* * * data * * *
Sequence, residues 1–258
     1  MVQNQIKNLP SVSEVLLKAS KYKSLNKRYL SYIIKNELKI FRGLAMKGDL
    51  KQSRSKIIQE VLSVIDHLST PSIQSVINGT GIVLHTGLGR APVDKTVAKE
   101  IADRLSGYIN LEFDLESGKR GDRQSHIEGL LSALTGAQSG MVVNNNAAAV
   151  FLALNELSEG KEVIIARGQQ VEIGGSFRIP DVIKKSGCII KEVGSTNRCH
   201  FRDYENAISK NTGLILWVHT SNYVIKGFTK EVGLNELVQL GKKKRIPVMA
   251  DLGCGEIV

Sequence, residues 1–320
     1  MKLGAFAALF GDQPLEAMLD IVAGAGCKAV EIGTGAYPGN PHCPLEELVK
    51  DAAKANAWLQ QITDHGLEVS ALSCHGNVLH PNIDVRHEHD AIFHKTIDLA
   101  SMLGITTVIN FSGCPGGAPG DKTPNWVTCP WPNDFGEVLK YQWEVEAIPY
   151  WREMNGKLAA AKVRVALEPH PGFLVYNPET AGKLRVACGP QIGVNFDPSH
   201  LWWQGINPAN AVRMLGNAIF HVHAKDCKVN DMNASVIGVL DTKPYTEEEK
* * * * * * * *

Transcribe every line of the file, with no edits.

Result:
Sequence, residues 1–258
     1  MVQNQIKNLP SVSEVLLKAS KYKSLNKRYL SYIIKNELKI FRGLAMKGDL
    51  KQSRSKIIQE VLSVIDHLST PSIQSVINGT GIVLHTGLGR APVDKTVAKE
   101  IADRLSGYIN LEFDLESGKR GDRQSHIEGL LSALTGAQSG MVVNNNAAAV
   151  FLALNELSEG KEVIIARGQQ VEIGGSFRIP DVIKKSGCII KEVGSTNRCH
   201  FRDYENAISK NTGLILWVHT SNYVIKGFTK EVGLNELVQL GKKKRIPVMA
   251  DLGCGEIV

Sequence, residues 1–320
     1  MKLGAFAALF GDQPLEAMLD IVAGAGCKAV EIGTGAYPGN PHCPLEELVK
    51  DAAKANAWLQ QITDHGLEVS ALSCHGNVLH PNIDVRHEHD AIFHKTIDLA
   101  SMLGITTVIN FSGCPGGAPG DKTPNWVTCP WPNDFGEVLK YQWEVEAIPY
   151  WREMNGKLAA AKVRVALEPH PGFLVYNPET AGKLRVACGP QIGVNFDPSH
   201  LWWQGINPAN AVRMLGNAIF HVHAKDCKVN DMNASVIGVL DTKPYTEEEK